Legal Case of the Week: Andriy Kolomiyets

posted 13 Jun 2016, 08:12 by Rights in Russia   [ updated 13 Jun 2016, 08:13 ]
On 10 June 2016 a court in Simferopol, Crimea, sentenced 
22-year-old Ukrainian Andriy Kolomiyets to 10 years in a maximum security prison. He was convicted in connection with two alleged incidents.  with the main ‘offence’ something which almost certainly never happened, but over which no Russian court could have any jurisdiction. Prosecutors had demanded that Kolomiyets be given 6 years for allegedly throwing a Molotov cocktail at two Ukrainian Berkut riot police officers in Kyiv during Euromaidan in January 2014, and four years on a charge of possession of marijuana. Halya Coynash, writing in Human Rights in Ukraine, has reported that Kolomiyets' lawyer, Mikhail Kushlel, said that the court in Simferopol had ignored all the evidence that the alleged offences were fictitious: 

"During the court hearing on Thursday, Kolomiyets’ lawyer presented documents from Ukraine’s Prosecutor General which pointed out that Kolomiyets is not facing any charges over Euromaidan in mainland Ukraine. Most significantly, the documents confirm that while 33 Berkut officers were injured during the Euromaidan protests, neither of the two alleged ‘victims’ ever reported any injuries and neither is on Ukraine’s list of victims, though both were at the time Ukrainian nationals serving in a Ukrainian Berkut unit. The two former Berkut officers claim to have ‘suffered pain’. This was presumably memorable enough for them to claim after two and a half years to recognize the young man. Kolomiyets was certainly on Maidan, but denies having taken part in any violence. This, however, is not really the point since the very charge is a legal nonsense and in breach of Russia’s own Criminal Code (Article 12 § 3) which prohibits the prosecution of nationals who commit an offence on the territory of another country under Russian law unless 'the crime was directed against the interests of the Russian Federation or a citizen of the Russian Federation.'  "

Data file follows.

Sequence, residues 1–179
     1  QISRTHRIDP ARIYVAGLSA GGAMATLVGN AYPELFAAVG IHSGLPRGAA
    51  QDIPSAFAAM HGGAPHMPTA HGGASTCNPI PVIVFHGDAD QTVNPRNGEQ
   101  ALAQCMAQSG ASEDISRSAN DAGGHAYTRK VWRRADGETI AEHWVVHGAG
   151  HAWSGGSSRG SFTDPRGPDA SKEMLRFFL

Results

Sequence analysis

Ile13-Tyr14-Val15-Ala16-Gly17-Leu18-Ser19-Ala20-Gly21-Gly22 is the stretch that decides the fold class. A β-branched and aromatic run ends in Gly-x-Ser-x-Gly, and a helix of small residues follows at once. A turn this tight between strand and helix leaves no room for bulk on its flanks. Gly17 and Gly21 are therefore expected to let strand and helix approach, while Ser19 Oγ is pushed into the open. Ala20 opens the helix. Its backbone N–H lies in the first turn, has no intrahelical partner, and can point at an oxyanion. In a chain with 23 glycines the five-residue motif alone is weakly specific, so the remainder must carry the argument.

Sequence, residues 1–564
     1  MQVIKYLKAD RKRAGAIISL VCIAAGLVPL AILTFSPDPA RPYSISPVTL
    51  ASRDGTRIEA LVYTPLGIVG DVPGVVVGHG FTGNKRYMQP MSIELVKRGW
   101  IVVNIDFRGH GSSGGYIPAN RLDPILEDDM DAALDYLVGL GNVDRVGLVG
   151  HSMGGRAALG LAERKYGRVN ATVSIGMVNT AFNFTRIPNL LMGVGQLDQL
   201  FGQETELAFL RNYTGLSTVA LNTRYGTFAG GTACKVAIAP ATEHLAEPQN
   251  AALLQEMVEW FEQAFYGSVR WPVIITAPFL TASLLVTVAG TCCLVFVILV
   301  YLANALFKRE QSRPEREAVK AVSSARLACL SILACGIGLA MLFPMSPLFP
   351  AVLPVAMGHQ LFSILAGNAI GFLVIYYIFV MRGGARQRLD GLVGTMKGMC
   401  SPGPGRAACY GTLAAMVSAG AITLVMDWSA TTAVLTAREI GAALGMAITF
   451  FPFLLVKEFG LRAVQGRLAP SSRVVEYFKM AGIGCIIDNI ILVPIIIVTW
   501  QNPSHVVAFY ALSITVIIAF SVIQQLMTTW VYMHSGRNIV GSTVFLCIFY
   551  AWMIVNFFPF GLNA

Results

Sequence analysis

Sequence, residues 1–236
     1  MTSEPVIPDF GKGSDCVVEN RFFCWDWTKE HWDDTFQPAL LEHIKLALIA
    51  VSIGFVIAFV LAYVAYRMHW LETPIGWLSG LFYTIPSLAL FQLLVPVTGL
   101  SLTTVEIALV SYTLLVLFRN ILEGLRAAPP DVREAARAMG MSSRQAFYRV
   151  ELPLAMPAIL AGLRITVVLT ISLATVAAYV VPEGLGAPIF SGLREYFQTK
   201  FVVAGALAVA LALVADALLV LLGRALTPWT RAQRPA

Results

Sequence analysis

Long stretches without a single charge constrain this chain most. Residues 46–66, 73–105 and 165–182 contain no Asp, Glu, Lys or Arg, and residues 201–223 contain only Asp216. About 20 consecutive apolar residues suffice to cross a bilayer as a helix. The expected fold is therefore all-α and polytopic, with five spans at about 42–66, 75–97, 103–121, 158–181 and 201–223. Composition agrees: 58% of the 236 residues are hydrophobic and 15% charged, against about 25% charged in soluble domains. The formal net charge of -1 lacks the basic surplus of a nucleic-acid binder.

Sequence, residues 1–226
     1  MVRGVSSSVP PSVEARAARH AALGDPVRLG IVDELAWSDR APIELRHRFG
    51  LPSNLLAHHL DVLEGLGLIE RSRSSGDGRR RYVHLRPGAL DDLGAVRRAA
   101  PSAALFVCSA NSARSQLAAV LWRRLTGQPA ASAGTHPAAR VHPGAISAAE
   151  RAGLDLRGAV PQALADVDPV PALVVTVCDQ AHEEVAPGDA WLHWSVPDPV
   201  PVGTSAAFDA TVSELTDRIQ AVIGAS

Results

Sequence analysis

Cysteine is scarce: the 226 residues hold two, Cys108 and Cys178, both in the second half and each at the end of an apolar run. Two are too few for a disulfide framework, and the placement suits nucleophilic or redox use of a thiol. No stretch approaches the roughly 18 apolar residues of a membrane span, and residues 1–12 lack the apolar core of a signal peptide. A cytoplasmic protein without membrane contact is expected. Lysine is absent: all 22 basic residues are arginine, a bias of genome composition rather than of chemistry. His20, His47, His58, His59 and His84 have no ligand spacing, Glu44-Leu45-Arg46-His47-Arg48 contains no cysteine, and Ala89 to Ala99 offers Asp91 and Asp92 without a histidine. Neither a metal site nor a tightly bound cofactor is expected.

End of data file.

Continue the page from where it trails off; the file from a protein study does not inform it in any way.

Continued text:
Andriy Kolomiyets has alleged that he was subjected to electric shock and other forms of torture while in detention. Halya Coynash writes:

"Kolomiyets himself has given shocking details of the torture he says was used to force ‘confessions’ from him. He alleges that a senior officer from the Russian ‘Counter-Extremism’ department S. Borovik and other employees put a bag over his head and attached his fingers to a wire. A damp rag was then placed under his fingers and an electric current switched on. Kolomiyets is in no doubt that he would recognize the men who did this, but the court has shown no interest in his allegations. Nor did the earlier ‘lawyers’ provided by the investigators whose role was clearly only to persuade Kolomiyets to ‘confess’."

Halya Coynash, 'Ukrainian Gets 10-Year Sentence in Russia’s Revenge for Maidan,' Human Rights in Ukraine, 10 June 2016